The truth is the majority of police officers are prudently doing their jobs and serving their communities. Unfortunately, every profession has a few bad actors, and local police organizations are not exempt. Before Eric Garner in New York City, Michael Brown in Ferguson, and Tamir Rice in Cleveland, Dontre Hamilton was handed his fatal verdict prematurely by an officer of the law in Milwaukee.
Martin Luther King Jr. believed it was necessary to dramatize an issue because many people are not aware of what is happening. His goal was to dramatize an issue so it can no longer be ignored.
Starbucks had a front-row seat to this fourteen-shot tragedy. Starbucks employees like Kelly Brandmeyer witnessed firsthand the killing of Dontre Hamilton. Maybe because Hamilton was mentally ill, his case didn’t attract as much national attention as other similar cases have commanded over the last year. But I’d argue it was Starbucks’s instigative role in Hamilton’s death and the subsequent protests in the Red Arrow Park Starbucks that ultimately triggered the company’s consciousness on race relations in America.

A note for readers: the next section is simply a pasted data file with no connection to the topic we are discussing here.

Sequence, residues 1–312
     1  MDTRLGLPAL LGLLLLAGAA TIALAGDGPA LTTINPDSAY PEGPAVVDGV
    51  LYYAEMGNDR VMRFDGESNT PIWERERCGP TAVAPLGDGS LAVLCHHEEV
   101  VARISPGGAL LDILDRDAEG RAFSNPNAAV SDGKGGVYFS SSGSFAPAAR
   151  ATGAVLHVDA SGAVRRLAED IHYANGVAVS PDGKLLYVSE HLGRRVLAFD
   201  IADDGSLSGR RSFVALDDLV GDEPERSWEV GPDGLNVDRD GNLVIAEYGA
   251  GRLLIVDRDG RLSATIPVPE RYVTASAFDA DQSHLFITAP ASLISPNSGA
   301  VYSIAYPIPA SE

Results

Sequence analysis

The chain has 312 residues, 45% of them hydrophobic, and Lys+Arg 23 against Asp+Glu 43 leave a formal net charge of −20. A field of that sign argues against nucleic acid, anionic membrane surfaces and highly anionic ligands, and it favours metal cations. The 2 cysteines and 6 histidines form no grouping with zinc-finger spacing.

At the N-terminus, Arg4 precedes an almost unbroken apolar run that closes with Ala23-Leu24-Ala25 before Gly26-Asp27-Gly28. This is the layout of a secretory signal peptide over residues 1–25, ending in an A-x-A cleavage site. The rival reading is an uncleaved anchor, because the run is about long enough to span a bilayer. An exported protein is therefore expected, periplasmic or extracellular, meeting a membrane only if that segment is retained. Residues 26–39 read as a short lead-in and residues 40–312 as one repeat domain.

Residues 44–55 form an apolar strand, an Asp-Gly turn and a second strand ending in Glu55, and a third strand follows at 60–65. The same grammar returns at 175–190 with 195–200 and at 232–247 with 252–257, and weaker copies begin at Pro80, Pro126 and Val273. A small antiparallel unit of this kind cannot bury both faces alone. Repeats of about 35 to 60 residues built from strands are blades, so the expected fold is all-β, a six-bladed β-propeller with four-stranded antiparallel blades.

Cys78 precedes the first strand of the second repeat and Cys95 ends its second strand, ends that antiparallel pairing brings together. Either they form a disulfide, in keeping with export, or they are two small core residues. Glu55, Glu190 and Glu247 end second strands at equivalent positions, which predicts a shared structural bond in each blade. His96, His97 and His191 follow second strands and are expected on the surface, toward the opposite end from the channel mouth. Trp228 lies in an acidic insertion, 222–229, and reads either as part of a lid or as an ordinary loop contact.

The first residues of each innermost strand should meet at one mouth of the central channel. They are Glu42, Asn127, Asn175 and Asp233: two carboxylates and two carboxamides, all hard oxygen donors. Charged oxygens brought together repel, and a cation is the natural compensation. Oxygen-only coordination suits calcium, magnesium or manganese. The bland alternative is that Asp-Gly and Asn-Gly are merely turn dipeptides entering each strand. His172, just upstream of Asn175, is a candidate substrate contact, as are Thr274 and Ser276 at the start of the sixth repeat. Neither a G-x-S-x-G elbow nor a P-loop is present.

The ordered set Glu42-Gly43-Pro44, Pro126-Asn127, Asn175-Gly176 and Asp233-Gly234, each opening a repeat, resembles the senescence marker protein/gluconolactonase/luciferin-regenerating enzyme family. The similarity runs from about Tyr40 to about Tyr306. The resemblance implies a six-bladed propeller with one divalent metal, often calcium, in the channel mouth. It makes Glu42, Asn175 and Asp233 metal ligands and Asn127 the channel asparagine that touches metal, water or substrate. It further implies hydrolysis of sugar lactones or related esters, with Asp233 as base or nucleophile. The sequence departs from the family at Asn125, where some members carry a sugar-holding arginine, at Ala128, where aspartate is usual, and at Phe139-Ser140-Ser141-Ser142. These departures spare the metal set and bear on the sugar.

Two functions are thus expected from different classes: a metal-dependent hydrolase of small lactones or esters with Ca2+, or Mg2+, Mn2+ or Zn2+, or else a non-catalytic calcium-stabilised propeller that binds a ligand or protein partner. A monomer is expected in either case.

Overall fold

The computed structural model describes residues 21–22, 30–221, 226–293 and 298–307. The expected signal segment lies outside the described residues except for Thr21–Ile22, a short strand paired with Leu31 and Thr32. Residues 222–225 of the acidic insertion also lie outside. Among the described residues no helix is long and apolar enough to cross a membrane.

Soon after Hamilton’s death, Starbucks made a donation to a mental health organization. This month, Starbucks launched “Race Together” to spark the conversation about race relations in America. This week, Starbucks CEO Howard Schultz met with Hamilton’s family.
In other news this week, on Sunday, Apple CEO Tim Cook spoke against pro-discrimination “religious freedom laws” across the country. On Monday, nine CEOs called for reform of the “religious freedom” law in Indiana. On Tuesday, Walmart’s CEO spoke against the “religious freedom” bill in its home state. One day later, Arkansas Governor Asa Hutchinson announced he wouldn’t sign the “religious freedom” bill in its current form. Yesterday, Indiana Governor Mike Pence signed new revisions to Indiana’s “religious freedom” law and Governor Hutchinson did the same for the “religious freedom” law in Arkansas.